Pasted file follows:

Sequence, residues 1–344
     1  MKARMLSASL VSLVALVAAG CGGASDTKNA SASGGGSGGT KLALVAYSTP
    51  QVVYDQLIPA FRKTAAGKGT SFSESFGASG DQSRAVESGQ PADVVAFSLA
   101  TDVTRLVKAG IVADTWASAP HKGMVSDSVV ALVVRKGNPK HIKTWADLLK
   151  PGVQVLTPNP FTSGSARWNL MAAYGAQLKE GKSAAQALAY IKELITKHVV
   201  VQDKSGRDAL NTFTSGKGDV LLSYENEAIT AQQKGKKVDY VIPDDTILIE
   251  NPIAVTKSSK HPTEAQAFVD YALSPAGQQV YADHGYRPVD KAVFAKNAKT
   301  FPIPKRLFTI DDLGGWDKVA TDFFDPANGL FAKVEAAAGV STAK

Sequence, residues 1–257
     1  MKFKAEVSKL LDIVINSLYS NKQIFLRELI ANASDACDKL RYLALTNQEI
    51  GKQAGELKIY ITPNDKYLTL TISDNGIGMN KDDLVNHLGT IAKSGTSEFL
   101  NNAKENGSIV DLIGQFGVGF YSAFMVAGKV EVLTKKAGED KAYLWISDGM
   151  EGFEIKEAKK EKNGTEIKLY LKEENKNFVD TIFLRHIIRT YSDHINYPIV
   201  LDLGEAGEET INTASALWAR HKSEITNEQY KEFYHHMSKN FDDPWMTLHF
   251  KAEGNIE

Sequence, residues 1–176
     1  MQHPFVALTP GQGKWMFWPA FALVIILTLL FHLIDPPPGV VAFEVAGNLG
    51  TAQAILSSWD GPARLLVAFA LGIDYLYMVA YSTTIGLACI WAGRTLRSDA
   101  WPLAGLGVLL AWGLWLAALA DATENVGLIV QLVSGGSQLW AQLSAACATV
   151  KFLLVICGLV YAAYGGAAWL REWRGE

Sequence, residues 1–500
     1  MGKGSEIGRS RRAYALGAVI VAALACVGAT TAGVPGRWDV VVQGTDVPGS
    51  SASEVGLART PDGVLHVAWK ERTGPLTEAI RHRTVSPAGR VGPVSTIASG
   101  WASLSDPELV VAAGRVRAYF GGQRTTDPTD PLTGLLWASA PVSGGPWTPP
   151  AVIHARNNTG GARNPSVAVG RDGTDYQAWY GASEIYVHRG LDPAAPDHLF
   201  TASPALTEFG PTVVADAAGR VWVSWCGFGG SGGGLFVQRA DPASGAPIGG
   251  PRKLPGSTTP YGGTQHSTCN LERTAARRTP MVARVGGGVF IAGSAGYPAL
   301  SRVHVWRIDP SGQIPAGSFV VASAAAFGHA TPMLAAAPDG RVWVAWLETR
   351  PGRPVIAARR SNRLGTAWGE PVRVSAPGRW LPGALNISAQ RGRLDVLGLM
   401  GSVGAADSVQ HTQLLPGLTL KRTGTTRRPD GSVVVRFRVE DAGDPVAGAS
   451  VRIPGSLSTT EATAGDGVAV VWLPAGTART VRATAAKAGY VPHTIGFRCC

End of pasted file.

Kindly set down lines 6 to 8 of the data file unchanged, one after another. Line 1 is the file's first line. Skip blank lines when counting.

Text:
   201  VQDKSGRDAL NTFTSGKGDV LLSYENEAIT AQQKGKKVDY VIPDDTILIE
   251  NPIAVTKSSK HPTEAQAFVD YALSPAGQQV YADHGYRPVD KAVFAKNAKT
   301  FPIPKRLFTI DDLGGWDKVA TDFFDPANGL FAKVEAAAGV STAK